There are numerous answers to this one question. The list of ideas, cultural studies (especially on children and adults that have any kind of autism diagnosis), and theories seems like a never ending rabbit hole. There is a slight flaw in all of these studies, theories, and ideas. Trying to understand why certain people are more affectionate than others is not something you can peg down, or put into statistical spreadsheets and get a direct answer. I do think it is safe to assume that a general explanation of "affection" is any physical act that elicits an emotion of love, or caring towards someone else.
Most theories seem to lean towards how we're nurtured as children as an explanation to this question. There are some families that have no issues about being affectionate with one another, and the same goes for other cultures as well. Then there are those where showing affection is just not part of the normal routine. Does this mean that those children don't feel as loved from their parents? No, it just means that physical affection was not as common when they were little. A majority of the other theories think this is due to differences in gender. Boy's get told to "toughen up", and girls tend to get more attention and comfort when feeling emotionally compromised. We would like to think this is not the case in today's society but the evidence in the studies shows that this is very common (especially in western societies).
These theories and studies state that when these children grow up, the different nurturing aspects towards the boys and the girls will impact how they show affection as adults. The males say that their female counterpart is too emotional, and the females say that their male counterpart is too distant. The studies on this topic show that in same sex relationships the majority of lesbian couples are more comfortable being affectionate towards each other than a lot of gay men in a committed relationship together. Again, we argue here that statistics are not where we find our answer. Not all lesbian couples show affection easily, the same goes for gay male couples who do. A lot of people who have been through any kind of physical or sexual trauma can find it very hard to be affectionate, whether receiving or giving it. Even the most normal thing, a hug, a handshake, a pat on the shoulder, can feel like a violation to them.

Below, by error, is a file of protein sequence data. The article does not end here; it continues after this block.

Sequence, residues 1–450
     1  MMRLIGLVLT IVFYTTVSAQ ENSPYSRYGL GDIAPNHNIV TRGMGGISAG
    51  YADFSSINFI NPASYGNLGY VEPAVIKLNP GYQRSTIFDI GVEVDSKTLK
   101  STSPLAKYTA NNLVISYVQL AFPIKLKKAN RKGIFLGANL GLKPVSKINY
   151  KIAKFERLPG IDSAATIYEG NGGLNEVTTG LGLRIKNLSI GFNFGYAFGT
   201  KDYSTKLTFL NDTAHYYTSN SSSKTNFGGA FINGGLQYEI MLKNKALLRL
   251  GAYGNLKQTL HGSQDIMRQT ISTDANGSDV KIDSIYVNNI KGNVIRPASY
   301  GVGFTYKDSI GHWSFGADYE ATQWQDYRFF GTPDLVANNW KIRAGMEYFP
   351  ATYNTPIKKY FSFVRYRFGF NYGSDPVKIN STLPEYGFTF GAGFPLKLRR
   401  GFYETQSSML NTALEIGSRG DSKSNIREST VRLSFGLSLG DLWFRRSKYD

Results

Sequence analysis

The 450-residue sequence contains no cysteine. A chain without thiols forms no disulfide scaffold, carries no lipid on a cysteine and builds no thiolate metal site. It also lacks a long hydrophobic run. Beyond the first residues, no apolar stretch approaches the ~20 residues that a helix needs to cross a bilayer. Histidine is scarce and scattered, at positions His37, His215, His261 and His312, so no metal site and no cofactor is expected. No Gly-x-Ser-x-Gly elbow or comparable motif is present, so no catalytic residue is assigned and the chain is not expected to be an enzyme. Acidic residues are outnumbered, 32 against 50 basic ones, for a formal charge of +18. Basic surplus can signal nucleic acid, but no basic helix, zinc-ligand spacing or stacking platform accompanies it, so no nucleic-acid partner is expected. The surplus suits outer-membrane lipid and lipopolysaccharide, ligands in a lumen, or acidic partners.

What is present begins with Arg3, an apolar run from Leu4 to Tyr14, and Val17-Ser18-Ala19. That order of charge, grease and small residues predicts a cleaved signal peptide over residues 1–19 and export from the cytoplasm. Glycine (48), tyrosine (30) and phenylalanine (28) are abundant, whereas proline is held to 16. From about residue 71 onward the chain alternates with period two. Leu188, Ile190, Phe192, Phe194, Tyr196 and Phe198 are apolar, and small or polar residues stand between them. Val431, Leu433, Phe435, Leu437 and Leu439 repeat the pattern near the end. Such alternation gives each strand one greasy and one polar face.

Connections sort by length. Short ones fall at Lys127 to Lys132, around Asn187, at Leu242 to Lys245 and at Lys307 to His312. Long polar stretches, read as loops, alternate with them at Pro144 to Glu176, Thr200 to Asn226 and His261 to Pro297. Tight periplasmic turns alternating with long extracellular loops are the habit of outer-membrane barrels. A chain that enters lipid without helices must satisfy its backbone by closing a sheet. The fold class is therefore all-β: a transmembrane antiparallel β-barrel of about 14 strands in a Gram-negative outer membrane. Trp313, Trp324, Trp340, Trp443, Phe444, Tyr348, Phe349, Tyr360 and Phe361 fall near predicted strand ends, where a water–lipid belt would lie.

Then there's the genetic research. Is it genetically predetermined? Could it possibly be something in the genetic makeup of the brain chemistry? Whatever the genetic factor is behind the diagnosis of any kind of autism, a lot of the research shows that some of these children are just not capable of being able to understand affection. Here, again, we find our flaw. There lots of children and adults who have varying degrees of autism and who clearly understand what it means to love, or care about someone (sometimes even better than children and adults with no autism diagnosis).
If someone has a hard time showing affection, can they change? The belief is that if it’s not a medical condition, then yes, overtime. Millions of therapists, psychiatrists, and counselors believe that people can learn to get through this difficult and sensitive topic, no matter how awkward or strained it may feel in the beginning.